Luxembourg-raided companies allegedly used by Riad Salameh to funnel $100m out of Lebanon

Exclusive documents show companies suspected of channelling funds embezzled from Lebanon central bank - with little due diligence from European banks

Riad Salameh's business dealings were investigated by police in Luxembourg. Nick Donaldson/ Reuters
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Three Luxembourg-based companies allegedly used by Riad Salameh to funnel about $100 million out of Lebanon have been raided by a police anti-money laundering unit, it can be revealed.

According to judicial documents obtained by The National, these Luxembourg-based structures are suspected of having channelled embezzled public funds across Europe, making Luxembourg a pivotal hub in Lebanon's central bank embezzlement scandal.

Most of the funds received by the companies were used to acquire various properties in Europe, including Germany, Belgium, France and the UK, according to a Luxembourg financial watchdog report reviewed by The National.

The disclosures add a new dimension to the saga of Lebanon's central bank governor, who is suspected of embezzling $330 million from his financially stricken nation. He is under investigation in five European countries, including France and Germany – both of which issued international arrest warrants resulting in an Interpol red notice in May – as well as Switzerland, Belgium and Lichtenstein.

The Luxembourg police anti-money laundering unit raided the three companies, BR 209 Invest SA, Stockwell Investissement SA and Fulwood Invest, along with the residence of a Belgian citizen named Gabriel Jean, a former director of Stockwell, and Comptaxiome, an accounting firm, on March 2 last year.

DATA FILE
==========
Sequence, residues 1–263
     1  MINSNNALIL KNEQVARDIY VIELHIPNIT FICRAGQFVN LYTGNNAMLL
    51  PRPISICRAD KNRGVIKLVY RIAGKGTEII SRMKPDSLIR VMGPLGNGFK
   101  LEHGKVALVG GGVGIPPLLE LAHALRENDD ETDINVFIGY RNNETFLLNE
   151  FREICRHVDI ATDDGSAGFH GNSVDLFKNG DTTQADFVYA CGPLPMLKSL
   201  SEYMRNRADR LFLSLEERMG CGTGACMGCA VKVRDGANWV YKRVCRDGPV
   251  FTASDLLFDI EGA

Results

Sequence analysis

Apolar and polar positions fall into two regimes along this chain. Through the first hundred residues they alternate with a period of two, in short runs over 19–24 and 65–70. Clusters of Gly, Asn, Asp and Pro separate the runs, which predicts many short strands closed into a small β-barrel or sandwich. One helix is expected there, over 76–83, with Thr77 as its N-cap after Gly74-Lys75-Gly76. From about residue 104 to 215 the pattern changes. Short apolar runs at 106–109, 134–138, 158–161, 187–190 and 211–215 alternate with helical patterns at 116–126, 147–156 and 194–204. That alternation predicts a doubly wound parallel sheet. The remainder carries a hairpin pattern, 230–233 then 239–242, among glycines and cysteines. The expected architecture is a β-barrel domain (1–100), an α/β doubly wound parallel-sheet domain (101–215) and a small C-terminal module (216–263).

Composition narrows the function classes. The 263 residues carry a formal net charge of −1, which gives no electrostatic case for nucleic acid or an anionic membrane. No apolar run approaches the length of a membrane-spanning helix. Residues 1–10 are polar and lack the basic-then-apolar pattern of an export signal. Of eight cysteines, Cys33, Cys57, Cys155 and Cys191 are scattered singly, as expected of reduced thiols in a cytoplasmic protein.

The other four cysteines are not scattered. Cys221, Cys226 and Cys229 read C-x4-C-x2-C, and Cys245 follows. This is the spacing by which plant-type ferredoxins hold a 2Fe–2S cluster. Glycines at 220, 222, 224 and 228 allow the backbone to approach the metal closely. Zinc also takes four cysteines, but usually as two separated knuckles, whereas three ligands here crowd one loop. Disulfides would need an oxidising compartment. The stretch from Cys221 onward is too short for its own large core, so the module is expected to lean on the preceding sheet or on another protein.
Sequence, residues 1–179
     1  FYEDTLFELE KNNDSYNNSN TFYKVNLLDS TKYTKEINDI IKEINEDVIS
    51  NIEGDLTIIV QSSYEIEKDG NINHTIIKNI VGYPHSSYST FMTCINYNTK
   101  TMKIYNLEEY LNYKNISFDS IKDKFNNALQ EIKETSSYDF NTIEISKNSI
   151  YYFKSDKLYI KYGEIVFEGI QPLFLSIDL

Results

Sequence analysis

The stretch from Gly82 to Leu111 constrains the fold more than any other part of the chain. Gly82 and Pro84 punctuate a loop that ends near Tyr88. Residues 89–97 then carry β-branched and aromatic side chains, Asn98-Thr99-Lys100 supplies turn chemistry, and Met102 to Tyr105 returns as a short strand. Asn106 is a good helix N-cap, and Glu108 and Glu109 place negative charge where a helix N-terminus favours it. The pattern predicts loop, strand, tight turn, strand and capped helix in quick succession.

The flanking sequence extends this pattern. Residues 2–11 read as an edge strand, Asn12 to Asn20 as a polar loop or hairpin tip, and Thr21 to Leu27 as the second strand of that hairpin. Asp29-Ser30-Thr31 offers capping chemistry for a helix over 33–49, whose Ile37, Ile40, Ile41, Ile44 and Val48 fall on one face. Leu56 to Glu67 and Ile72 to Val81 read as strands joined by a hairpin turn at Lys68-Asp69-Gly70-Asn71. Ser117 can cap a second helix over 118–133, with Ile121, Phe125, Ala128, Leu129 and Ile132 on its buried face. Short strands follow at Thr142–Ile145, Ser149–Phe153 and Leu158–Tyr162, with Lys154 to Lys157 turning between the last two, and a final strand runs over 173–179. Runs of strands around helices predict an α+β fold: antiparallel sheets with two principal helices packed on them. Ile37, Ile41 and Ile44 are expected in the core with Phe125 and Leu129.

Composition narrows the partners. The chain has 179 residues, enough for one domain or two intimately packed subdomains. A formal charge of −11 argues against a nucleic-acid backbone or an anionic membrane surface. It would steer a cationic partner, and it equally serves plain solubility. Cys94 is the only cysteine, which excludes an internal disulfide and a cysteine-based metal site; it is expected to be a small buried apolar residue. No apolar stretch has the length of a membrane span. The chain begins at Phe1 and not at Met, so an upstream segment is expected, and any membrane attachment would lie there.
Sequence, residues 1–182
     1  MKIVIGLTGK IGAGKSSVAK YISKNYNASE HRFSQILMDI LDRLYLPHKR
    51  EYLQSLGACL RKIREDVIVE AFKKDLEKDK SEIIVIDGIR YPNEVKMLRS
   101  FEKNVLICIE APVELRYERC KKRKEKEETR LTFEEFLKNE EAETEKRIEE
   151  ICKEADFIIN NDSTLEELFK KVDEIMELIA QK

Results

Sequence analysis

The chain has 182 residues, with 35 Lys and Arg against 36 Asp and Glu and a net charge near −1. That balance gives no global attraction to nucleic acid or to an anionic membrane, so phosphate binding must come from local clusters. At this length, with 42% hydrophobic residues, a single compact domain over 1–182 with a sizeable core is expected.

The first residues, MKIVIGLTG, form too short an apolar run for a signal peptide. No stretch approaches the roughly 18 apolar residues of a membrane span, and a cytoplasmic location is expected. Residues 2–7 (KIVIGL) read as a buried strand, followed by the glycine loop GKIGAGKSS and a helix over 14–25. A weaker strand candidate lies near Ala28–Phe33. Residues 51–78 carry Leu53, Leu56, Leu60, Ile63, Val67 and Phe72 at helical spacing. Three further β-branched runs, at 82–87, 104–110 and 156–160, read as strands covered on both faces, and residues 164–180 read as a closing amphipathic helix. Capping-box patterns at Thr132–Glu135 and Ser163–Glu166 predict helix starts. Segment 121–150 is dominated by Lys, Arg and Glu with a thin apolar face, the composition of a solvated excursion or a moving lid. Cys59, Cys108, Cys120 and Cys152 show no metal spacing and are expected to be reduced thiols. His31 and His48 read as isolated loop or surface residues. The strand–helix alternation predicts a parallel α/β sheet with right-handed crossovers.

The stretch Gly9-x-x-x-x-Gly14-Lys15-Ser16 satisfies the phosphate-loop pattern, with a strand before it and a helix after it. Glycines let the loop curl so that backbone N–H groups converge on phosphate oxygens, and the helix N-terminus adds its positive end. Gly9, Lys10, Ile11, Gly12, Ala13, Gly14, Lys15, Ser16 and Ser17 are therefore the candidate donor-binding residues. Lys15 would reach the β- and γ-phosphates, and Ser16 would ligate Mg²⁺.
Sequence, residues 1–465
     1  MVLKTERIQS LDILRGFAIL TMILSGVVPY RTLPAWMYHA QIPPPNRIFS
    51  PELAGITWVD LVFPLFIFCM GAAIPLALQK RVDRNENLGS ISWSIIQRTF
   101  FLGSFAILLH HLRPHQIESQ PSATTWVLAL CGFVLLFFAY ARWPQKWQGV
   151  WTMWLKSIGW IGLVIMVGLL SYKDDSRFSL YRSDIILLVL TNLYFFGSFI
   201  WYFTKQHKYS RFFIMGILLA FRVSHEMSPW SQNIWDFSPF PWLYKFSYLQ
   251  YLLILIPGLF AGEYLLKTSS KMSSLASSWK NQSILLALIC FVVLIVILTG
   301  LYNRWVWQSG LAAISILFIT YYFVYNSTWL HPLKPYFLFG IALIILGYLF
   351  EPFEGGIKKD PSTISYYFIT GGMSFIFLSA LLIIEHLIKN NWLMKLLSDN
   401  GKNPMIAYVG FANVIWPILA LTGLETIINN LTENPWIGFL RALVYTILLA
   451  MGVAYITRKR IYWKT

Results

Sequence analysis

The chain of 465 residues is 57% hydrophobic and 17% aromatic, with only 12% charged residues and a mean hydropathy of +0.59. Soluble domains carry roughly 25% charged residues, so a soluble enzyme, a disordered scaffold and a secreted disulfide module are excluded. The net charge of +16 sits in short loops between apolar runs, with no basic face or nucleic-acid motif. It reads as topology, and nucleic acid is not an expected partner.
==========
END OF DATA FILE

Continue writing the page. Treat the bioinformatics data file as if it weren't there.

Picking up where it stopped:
This massive operation, related to the continuing probes into money laundering opened in several European countries against Mr Salameh and his brother Raja, kicked off at 6.34am at the home of Mr Jean and the offices of Comptaxiome according to the search report seen by The National.

The Salameh Papers - The National uncovers details on allegations against Lebanon banking chief

The Salameh Papers - The National uncovers details on allegations against Lebanon banking chief

For several hours, the Luxembourg police, joined by investigators from France and Germany, searched meticulously for evidence, copying documents to trace an alleged money laundering scheme from an account at the central bank to Mr Salameh's massive real estate holdings in Europe.

The suspected scheme included another Salameh-affiliated vehicle, BET SA, which was not searched that day because it was relocated to France in 2021.

These Luxembourg companies received a minimum total of €77.6 million, £2.5 million, and $8.7 million from “Mr Salameh's foreign accounts and the ones of his offshore companies”, according to a 2021 report by the Luxembourg Financial Intelligence Unit (CRF) watchdog reviewed by The National – a money shuffle that could rival Switzerland's notorious reputation for accommodating suspicious funds.

The report said most of the funds received by the companies were used to acquire properties in Europe.

Comptaxiome's director, Catherine De Waele, who was responsible for the administration of Stockwell and BET, told the police she was “surprised” they had taken action “only now”. She added that she had filed a suspicious operation report to the CRF in February 2021 regarding both companies.

Mr Jean, her husband, was the director of Stockwell and BET. Amid mounting judicial and media pressure, he resigned as the director in 2021.